My favorite security expert is Bruce Schneier, and not just when it comes to computer security. Sure, he understands that better than almost anyone else I can think of, but he also has a deep understanding of the underlying concepts of security, including the psychology behind it.
Schneier is an outspoken critic of many of the tactics used by the Department of Homeland Security in the post September 11th world. In his recent book on the topic, Beyond Fear, he coins the phrase “security theater” to describe the countermeasures taken by the government that create the feeling of security while doing very little to actually improve it. If you’ve flown recently, you know many of these: Being forced to take off your shoes, the ban on large containers of liquids, the ban on knitting needles and lighters, the list goes on and on.
This week, Bruce is posting a five-part interview series with the head of the Transportation Security Administration, Kip Hawley. The first two pieces are up as I write this, and I have to say, Schneier really lets him have it:
This feels so much like “cover your ass” security: you’re screening our shoes because everyone knows Richard Reid hid explosives in them, and you’ll be raked over the coals if that particular plot ever happens again. But there are literally thousands of possible plots.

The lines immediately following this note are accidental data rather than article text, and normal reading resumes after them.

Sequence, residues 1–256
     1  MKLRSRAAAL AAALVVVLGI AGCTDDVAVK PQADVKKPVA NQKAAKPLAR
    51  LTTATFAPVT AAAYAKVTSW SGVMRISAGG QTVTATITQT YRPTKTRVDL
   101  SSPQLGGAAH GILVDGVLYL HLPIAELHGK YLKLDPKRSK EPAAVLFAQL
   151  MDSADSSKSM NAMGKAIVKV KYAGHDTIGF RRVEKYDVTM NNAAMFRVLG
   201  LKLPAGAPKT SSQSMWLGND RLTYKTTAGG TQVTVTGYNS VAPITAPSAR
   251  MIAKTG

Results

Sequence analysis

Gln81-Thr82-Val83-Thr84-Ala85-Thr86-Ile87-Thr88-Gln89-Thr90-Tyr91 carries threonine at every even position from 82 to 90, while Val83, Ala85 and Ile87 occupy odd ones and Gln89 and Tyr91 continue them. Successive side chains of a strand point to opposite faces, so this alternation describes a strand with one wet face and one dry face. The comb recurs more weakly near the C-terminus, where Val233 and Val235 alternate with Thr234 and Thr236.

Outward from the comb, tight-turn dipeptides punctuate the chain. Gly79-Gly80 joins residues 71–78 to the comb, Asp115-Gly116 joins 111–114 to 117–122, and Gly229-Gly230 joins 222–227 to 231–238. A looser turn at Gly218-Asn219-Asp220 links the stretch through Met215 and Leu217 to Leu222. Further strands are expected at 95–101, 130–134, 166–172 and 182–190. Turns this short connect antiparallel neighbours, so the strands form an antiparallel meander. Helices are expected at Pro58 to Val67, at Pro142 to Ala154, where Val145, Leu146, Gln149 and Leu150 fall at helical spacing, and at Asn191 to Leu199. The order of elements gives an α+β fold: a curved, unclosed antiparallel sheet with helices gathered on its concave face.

So when does it end? The terrorists invented a particular tactic, and you’re defending against it. But you’re playing a game you can’t win. You ban guns and bombs, so the terrorists use box cutters. You ban small blades and knitting needles, and they hide explosives in their shoes. You screen shoes, so they invent a liquid explosive. You restrict liquids, and they’re going to do something else. The terrorists are going to look at what you’re confiscating, and they’re going to design a plot to bypass your security.
That’s the real lesson of the liquid bombers. Assuming you’re right and the explosive was real, it was an explosive that none of the security measures at the time would have detected. So why play this slow game of whittling down what people can bring onto airplanes? When do you say: “Enough. It’s not about the details of the tactic; it’s about the broad threat”?
For a great audio interview with Bruce Schneier about his book and national security in particular, IT Conversations has an excellent talk with him from 2004. Highly recommended.